World Environment Day is observed every 5th June, to encourage awareness and action for protecting the environment. It is a “global platform for inspiring positive change” [Ref.1], to address climate crisis caused by global warming (GW).
Homo Sapiens population on Planet Earth was 0.3-billion in 1000, and under 2-billion in 1900. It is currently 8-billion-and-counting. It is only in the last two centuries, that humans have created and efficiently operated social and economic systems, for organized exploitation of Earth’s natural capital of material and energy resources. While these systems have facilitated human population growth, they have also impacted the environment and ecology at planetary level.
Due to accelerating exploitation of Earth’s natural capital, the habitats of many living species on land and in water are getting decimated, triggering species extinction at a staggering rate. The system of resource exploitation is the global economy, the operation of which has caused global warming (GW).
The Global Economy
The global economy comprises industrialised and industrialising national and regional economies. They focus on “economic growth”, which is the increase of economic-financial wealth by large-scale production-trade-commerce, using political-diplomatic-military pressures and sanctions, often with threatening, instigating or actually engaging in armed conflicts.
In every economy, industrial/business/commercial manufacturing and trading corporations are “legal persons”, and biological persons are targetted consumers of goods and services produced by the economy. These corporations balance the interests of shareholders, creditors and clients, and manage resource acquisition and sales-and-advertising to maximize financial profit. The production, trade and commerce of the myriad goods and services of contemporary economies, affects the lives and life-styles of almost all humans on the Planet.
The international banking-financial system comprises banks, insurance companies, and stock exchanges, at national levels, which operate 24×7 to enable and enhance industrial/business/commercial operations. It is a critical component of the global economy, producing and lending money for the economic activities of trade, commerce, and transportation of the goods and services of large-scale industrial production/manufacture.
Money is the yardstick to assess wealth and economic growth. It drives the capital-based economic “machine” of resource extraction, manufacture and production, and purchase and consumption, with transportation at every stage, on all continents. Trading and commercial transactions among nations are based upon inter se value of their monetary currency, the volume and value of exports and imports, and the relative strength of their financial systems, which determines financial debt.
The global economy operates on the basis of compounded year-on-year economic growth, alongwith increasing production and consumption of goods and services. Year-on-year economic growth is based upon repeated industrial-scale cycles of resource extraction, production and consumption. This causes depletion of Earth’s natural capital, destruction of ecosystems, and cumulative growth of pollution. The consequent negative effects on Earth’s environment, and its ecosystems and biospheres, threaten human societies and humans, besides other species.
The impact of the global economy is due to a combination of innovative science-and-technology (S-T) with globalized economics, and the growth of money supply. Even with automation and mechanization of manufacture and production, exploitation of human labour for corporate profit is integral to functioning of the global economy – however, this matter deserves separate discussion.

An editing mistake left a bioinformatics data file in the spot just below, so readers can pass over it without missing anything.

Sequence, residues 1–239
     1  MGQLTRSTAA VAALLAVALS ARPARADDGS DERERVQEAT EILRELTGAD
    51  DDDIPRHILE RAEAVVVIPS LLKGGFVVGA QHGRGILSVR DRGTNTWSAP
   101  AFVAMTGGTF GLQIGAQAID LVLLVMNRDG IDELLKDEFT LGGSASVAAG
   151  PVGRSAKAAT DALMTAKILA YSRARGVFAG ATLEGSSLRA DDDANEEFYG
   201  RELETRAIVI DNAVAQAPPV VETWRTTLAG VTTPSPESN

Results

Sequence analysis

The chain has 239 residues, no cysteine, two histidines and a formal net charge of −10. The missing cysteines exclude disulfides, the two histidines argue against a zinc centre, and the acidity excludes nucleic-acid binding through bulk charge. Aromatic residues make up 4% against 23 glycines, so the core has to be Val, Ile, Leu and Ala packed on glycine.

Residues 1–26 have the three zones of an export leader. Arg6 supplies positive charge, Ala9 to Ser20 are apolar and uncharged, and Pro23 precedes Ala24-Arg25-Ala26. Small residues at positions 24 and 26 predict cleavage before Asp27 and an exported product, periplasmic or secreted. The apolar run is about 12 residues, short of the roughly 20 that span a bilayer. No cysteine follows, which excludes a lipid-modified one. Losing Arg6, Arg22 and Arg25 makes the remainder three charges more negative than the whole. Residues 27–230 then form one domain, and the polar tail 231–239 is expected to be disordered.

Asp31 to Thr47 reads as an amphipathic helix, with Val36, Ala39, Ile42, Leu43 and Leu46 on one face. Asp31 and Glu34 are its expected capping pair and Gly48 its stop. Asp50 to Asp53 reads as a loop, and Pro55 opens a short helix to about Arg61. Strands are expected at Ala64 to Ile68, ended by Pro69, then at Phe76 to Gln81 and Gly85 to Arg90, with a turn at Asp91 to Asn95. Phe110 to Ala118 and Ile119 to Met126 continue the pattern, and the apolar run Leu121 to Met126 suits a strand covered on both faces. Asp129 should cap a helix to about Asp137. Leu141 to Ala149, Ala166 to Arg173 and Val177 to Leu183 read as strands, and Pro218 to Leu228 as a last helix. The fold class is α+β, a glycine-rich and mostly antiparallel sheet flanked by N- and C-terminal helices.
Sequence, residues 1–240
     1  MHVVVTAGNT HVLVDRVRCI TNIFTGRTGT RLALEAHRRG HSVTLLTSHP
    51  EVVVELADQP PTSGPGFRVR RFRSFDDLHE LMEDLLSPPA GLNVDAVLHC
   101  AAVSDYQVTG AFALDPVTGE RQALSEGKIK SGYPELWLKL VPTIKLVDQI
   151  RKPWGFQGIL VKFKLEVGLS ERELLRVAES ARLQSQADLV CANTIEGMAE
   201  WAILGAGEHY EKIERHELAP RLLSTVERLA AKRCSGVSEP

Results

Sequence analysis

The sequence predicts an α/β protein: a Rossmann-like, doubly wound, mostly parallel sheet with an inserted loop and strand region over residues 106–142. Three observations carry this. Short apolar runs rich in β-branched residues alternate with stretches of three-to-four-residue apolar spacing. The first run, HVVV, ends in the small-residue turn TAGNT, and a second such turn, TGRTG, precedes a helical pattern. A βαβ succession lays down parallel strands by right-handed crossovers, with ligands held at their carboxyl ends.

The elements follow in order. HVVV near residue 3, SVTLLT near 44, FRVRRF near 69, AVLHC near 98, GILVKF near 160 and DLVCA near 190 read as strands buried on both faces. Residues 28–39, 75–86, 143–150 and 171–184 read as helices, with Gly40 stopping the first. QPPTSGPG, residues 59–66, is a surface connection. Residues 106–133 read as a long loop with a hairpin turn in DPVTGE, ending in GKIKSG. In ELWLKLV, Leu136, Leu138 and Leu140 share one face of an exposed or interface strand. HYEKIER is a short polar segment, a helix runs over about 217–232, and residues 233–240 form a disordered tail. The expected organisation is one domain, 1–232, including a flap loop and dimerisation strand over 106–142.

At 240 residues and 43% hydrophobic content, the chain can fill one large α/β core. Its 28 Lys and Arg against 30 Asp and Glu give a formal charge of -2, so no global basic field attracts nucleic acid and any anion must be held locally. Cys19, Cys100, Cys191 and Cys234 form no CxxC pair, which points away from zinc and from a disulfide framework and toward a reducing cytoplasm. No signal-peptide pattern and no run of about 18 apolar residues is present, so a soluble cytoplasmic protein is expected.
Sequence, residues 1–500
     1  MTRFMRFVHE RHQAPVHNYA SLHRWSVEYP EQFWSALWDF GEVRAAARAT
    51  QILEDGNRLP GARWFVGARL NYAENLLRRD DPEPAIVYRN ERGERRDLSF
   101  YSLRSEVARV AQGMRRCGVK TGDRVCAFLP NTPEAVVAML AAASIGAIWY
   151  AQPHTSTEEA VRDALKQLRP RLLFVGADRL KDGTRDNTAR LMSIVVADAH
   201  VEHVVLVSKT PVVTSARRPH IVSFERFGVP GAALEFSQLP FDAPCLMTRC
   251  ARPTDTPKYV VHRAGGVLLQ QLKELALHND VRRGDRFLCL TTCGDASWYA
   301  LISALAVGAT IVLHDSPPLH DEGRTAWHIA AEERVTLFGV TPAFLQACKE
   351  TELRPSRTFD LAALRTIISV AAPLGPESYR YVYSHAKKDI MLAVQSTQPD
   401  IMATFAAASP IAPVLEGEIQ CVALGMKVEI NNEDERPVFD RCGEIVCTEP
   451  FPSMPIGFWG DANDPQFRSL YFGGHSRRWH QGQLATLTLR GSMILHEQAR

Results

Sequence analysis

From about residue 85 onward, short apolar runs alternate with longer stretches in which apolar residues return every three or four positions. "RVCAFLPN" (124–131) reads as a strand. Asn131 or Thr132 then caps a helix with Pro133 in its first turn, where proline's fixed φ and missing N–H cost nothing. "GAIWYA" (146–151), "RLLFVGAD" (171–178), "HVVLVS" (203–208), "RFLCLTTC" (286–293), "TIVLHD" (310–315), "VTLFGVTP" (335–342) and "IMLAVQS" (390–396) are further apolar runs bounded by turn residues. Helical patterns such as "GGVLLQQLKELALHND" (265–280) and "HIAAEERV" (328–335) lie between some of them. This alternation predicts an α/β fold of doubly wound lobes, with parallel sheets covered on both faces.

Industrial products and processes
Every industrially manufactured product – plastics, paper, pins, pens, phones, laptops, cars, airplanes, ships, you-name-it – is finally waste/garbage/junk (WGJ). The fuel and materials consumed at every stage of manufacture and use of every product, show up as WGJ. They remain unwanted or toxic for hundreds, even thousands of years. The least recognized source of WGJ is military-based industrial production, with WGJ greatly magnified during armed conflicts.
Industrialized production consumes natural material resources – especially oil for transportation – from Earth, in continuing cycles of resource depletion, increasing environmental pollution, and ecological destruction.
Industrial processes for re-cycling WGJ also draw on natural resources and energy, and also produce WGJ. Re-using waste – e.g., plastics in concrete for road construction – are gimmicky ideas which barely touch the fringe of the problem.
Industrial-scale atmospheric carbon (carbon dioxide) capture and its geological sequestration cannot address GW. Much like re-cycling, it consumes natural resources and generates WGJ like other industrial processes. In any case, carbon sequestration offers little relief, because carbon dioxide is only a small fraction of industrial waste gases which the global economy pumps into the atmosphere.
Technology innovators propose over-the-top ideas, like projecting chemicals into the stratosphere to reflect away solar heat, and reduce GW. They demonstrate ignorance of energy audit, and the simplistic view that technology can solve GW without itself causing fresh problems. They also fail to appreciate that a problem cannot be solved using the methods that aggravate the problem.
Notwithstanding the foregoing, industrialization is indisputably understood as the way to progress and development, as measured by year-on-year, unending economic growth. The industrialized global economy uses Planet Earth as the Source for extracting material resources, and also as the Sink for disposing industrial wastes. Ivory tower economists make no assessment of the cost of Source depletion and Sink overloading.
During the Millennium Summit of the United Nations (2000), all UN member States and 22 international organizations, together resolved to eradicate extreme poverty and hunger, achieve universal primary education, promote gender equality, reduce child mortality and maternal health, combat diseases, ensure environmental sustainability, and develop global partnership for development. Accordingly, eight international Millennium Development Goals (MDGs) were formulated for year 2015.
There was dismal progress on MDGs. Besides, with publication of Reports on the scientific investigations and findings of the Inter-governmental Panel on Climate Change (IPCC), goverments began to recognize that Earth’s natural resource base is finite, and cannot support unending, compounded extraction of natural capital, or support its pollution by industries. There was growing albeit incomplete understanding, that Planet Earth cannot sustain the “development” caused by unchecked growth of the global economy.